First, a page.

Presence of a Unique Trial Identifier in the Abstracts of Industry-Sponsored Manuscripts

LaVerne A. Mooney,1 Joseph F. Michalski,2 Lorna Fay1


Since 2008, the International Committee of Medical Journal Editors (ICMJE) has recommended that journals include a unique trial identifier (eg, the Clinical.Trials.gov ID number [NCT]) in the abstract of clinical trial manuscripts. Adherence to this recommendation should result in automatic linkage between the PubMed abstract and the trial record on ClinicalTrials.gov, and inclusion of the manuscript citation in the trial record. A 2013 study reported that unique trial identifiers are frequently missing from published manuscript abstracts. Our objective was to assess the implementation of the ICMJE’s recommendation in manuscripts reporting results of Pfizer-sponsored trials and determine whether the relevant citation was present on ClinicalTrials.gov.


Using a Pfizer publication database, we identified manuscripts reporting primary outcomes for Pfizer clinical trials published from 2013 to 2015, and we obtained corresponding NCT numbers from ClinicalTrials.gov. We excluded manuscripts of trials that were not indexed on PubMed, that were not registered on ClinicalTrials.gov, or that reported non-interventional studies. For each clinical trial, we recorded the presence or absence of the NCT number in the manuscript PDF and its location within the manuscript, the presence or absence of the NCT number in the PubMed abstract, and the presence or absence of a manuscript citation on the trial record and if it had been automatically indexed or added by the sponsor. We report percentages overall and by year.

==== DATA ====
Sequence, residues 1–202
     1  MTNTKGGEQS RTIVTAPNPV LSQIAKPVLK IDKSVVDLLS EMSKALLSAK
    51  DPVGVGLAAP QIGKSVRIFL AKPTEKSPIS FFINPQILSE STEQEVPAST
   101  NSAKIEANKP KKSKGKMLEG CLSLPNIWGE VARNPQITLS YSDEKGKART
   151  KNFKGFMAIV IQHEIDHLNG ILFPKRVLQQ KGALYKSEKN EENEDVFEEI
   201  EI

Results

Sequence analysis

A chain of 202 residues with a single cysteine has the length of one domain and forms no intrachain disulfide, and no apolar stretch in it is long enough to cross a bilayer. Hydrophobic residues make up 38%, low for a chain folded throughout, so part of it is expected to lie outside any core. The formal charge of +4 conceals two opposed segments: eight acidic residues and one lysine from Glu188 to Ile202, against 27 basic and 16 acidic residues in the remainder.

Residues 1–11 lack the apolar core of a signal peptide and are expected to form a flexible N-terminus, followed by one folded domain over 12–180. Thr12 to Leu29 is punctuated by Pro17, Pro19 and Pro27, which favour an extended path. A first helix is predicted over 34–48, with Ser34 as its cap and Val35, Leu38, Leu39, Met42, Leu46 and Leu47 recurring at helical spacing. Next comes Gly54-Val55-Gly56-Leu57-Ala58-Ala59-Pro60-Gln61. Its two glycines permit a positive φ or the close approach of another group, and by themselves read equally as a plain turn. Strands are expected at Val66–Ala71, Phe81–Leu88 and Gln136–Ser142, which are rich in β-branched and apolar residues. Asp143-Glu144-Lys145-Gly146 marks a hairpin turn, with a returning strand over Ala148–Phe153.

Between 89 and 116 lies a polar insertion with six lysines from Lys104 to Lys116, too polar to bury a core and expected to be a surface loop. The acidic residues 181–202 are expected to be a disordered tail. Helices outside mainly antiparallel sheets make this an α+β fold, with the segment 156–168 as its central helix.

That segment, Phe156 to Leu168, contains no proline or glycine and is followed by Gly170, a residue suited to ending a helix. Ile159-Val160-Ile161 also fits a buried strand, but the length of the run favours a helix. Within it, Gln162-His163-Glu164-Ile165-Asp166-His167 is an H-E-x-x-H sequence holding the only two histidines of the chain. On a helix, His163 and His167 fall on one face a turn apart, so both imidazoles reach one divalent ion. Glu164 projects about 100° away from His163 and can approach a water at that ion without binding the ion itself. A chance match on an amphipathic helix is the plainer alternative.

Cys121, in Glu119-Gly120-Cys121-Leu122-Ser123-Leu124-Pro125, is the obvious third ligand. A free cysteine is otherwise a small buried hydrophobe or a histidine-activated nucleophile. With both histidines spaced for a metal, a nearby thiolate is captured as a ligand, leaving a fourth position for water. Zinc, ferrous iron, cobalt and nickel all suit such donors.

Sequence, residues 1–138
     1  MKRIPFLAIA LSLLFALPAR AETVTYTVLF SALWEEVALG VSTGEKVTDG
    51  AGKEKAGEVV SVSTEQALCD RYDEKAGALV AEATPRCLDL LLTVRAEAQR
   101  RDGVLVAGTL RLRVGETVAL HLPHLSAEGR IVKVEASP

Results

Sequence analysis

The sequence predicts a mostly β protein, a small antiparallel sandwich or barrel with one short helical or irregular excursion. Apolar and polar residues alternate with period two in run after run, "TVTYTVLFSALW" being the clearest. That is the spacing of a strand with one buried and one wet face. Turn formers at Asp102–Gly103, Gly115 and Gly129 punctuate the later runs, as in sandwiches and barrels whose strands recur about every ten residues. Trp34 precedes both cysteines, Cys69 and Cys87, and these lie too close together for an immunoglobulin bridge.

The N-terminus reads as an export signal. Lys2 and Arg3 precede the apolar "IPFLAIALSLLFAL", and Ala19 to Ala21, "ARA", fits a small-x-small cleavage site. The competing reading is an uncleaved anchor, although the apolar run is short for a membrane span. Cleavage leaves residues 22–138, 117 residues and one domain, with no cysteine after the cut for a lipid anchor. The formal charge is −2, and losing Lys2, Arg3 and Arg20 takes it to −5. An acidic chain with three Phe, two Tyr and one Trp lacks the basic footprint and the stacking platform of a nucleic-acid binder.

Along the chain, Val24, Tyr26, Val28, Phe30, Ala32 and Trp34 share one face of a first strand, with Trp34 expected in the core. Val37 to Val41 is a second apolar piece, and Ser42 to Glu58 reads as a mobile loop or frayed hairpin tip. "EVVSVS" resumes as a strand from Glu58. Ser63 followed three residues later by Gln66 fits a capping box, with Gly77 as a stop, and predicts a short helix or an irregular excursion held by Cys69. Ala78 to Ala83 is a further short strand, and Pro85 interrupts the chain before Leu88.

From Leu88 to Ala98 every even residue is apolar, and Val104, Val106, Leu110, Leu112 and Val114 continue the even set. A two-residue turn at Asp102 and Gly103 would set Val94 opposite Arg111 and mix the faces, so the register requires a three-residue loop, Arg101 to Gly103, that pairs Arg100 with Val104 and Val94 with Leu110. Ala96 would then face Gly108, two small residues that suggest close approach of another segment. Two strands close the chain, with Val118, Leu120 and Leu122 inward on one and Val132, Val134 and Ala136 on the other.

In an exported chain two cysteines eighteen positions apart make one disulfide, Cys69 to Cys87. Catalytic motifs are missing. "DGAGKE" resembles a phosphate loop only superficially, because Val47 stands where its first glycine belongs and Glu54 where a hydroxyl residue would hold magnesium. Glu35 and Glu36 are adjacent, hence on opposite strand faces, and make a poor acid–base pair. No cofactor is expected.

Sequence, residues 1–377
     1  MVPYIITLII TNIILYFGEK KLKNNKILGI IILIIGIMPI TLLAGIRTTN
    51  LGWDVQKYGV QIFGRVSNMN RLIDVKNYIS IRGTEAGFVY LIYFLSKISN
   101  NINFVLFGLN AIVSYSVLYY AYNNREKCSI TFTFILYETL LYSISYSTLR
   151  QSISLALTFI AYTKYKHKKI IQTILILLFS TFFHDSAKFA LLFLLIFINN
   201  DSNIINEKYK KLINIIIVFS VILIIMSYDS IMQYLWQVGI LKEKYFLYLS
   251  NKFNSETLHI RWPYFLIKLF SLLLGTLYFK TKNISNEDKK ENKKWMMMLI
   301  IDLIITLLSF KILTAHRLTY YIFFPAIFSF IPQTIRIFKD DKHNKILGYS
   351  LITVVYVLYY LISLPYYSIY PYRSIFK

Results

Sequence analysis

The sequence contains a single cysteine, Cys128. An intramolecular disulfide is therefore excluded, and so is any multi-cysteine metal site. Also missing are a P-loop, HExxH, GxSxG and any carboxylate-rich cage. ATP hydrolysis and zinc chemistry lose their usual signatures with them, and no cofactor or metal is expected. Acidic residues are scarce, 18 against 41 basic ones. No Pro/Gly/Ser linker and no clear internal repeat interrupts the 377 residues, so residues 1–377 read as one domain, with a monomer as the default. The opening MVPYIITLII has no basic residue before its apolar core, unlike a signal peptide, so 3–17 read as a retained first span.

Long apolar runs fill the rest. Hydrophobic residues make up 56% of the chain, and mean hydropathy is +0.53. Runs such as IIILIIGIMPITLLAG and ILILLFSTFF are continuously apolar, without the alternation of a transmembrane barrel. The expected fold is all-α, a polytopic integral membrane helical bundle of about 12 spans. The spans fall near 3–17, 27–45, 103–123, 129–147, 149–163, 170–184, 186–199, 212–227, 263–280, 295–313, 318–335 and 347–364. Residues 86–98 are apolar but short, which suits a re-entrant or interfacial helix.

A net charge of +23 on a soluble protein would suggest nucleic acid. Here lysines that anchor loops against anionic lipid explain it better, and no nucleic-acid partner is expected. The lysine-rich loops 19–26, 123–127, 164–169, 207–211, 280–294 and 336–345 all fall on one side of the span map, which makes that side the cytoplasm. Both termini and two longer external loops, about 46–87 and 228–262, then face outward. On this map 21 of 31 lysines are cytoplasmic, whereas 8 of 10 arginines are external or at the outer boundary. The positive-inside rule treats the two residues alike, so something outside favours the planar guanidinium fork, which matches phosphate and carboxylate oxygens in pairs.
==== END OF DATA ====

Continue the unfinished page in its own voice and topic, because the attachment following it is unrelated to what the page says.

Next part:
A total of 276 manuscripts (305 studies) were published in 140 unique journals. Half of the PubMed abstracts (143 of 276 [51.8%]) included the NCT number, and the citation was present in 142 of 276 (51.4%) of the ClinicalTrial.gov records (Table). Auto-indexing accounted for 140 of 142 (99.0%) of the citations on trial records; only 2 resulted from manual addition by the sponsor to the study records when the NCT number was not present in the abstracts. Errors or failures of the auto-indexing process appeared to occur for 3 abstracts published in 2013.


The NCT number was included in most Pfizer clinical trial manuscripts (232 of 276 [84.1%]), but auto-indexing and bidirectional linkage (from PubMed and from ClinicalTrials.gov) only occurred when the NCT number was located in the abstract per ICMJE guidelines. An additional 89 manuscript citations could have been visible to the public on ClinicalTrials.gov if the NCT number was correctly positioned in the abstract. This study demonstrates the importance of the location of the trial identifier within the manuscript.

1Pfizer Medical, New York, NY, USA, laverne.mooney@pfizer.com; 2Mailman School of Public Health, Health Policy and Management, Columbia University, New York, NY, USA

Conflict of Interest Disclosures:

L. Mooney and L. Fay are employees of Pfizer Inc and hold Pfizer stock. J. Michalski is a graduate student who assisted with the research, was paid by Pfizer, and holds Pfizer stock. No other disclosures were reported.


Pfizer is the employer of two of the authors and the analysis was carried out by them at Pfizer.